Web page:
Receptionists learn procedures on receiving patients. (Photo courtesy of Shimin Zhang)

Undergrads adjust to online curricula, dorm closures as COVID-19 spreads

Due to concerns about coronavirus, many schools and universities are switching to online classes. 

Stanford University has moved to online classes until the end of the school year, and the University of California, Davis and the University of California, Berkeley began the transition. 

There were no confirmed cases of COVID-19 at Cal as of March 13, according to the school’s website, but Mohini Rye, ’19, said her classes have gone online.

“The plan right now is to have classes be online until spring break, but it’s likely to be extended past that,” said Rye, who returned home on March 11. “Cal isn’t shut down, but the dorms are sending out forms to see who is staying and who is planning on leaving.”

Stanford reported three confirmed cases of COVID-19 as of March 11, according to its website.

Jack Christian, ’19, said Stanford initially didn’t want students to leave campus but later changed its view. 

“Stanford was pushing students to stay on campus,” Christian said. “Students still left regardless, and now Stanford has switched the whole last quarter, as well as finals, to online only. They even have office hours online by using a Zoom conference call where students can type in their questions for the professor.”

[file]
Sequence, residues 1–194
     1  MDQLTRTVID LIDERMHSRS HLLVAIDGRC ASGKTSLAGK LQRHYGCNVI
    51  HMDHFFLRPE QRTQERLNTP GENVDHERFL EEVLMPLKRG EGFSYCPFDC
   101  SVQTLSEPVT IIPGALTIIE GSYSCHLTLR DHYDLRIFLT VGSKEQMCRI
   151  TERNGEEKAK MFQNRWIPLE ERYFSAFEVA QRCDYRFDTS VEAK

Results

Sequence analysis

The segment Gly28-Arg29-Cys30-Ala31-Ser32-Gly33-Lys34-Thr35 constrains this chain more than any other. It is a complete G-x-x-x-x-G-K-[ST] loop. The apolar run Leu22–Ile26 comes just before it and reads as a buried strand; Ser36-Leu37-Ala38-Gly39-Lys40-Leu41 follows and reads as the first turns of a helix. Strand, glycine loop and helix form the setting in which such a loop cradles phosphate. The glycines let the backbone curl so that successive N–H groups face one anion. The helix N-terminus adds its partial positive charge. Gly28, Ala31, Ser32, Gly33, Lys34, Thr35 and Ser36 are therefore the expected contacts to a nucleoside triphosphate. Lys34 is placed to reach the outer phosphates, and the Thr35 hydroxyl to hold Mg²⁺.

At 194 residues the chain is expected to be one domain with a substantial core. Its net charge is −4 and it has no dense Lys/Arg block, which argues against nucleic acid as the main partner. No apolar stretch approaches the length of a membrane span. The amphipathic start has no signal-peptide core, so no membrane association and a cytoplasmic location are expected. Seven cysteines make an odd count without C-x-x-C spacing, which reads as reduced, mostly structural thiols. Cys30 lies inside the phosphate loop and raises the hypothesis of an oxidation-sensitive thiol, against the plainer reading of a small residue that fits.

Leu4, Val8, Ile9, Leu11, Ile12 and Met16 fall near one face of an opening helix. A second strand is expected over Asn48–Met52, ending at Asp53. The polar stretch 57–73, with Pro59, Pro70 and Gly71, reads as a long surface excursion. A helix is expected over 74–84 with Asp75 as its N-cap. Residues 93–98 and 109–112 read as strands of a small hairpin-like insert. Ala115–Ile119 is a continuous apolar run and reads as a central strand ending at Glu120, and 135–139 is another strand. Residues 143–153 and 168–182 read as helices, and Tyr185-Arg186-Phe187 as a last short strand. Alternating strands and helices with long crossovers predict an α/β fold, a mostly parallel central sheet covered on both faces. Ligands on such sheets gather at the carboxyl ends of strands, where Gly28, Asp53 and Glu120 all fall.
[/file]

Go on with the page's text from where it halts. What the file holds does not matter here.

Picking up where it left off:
Christian added general hygiene around campus has improved drastically. 

“Lots of students are sanitizing extra well, and the cleaning staff is in overdrive,” Christian said. “As I was leaving, the cleaning staff was going up and down hallways, wiping door handles and spraying disinfectant.” 

Rye said Cal students are also taking extra health precautions.

“Lots of students would go to classes wearing masks,” Rye said. “In the dining halls, they are pre-wrapping all the meals.”

Yanele Ledesma, ’19, said students at UC Davis are reacting similarly, though there were no confirmed cases of COVID-19 on campus, according to the school’s website.

“Lots of students have been wearing masks and gloves to classes,” Ledesma said. “But regardless, Davis is kind of leaving it up to the professors and students for how to handle it. Some professors have either canceled lectures or posted them online with detailed notes, and some students have decided to go home.” 

Ledesma had not left UC Davis as of March 13.

Overall, the students said they are less than thrilled to take online classes and go home early. 

“Everyone I know is disappointed we have to go home early,” Christian said. “We were all looking forward to spending the spring quarter with nice weather on campus, and maybe even taking a lighter course load.”

Ledesma said online classes are much harder than in-person classes. 

“Online classes take a lot more discipline,” Ledesma said.

Christian seconded this notion, adding he is more of an in-person learner. 

“There is a certain energy at Stanford that helps motivate students to work hard compared to being at home,” he said.

Originally published in the March 17 edition of the Octagon.

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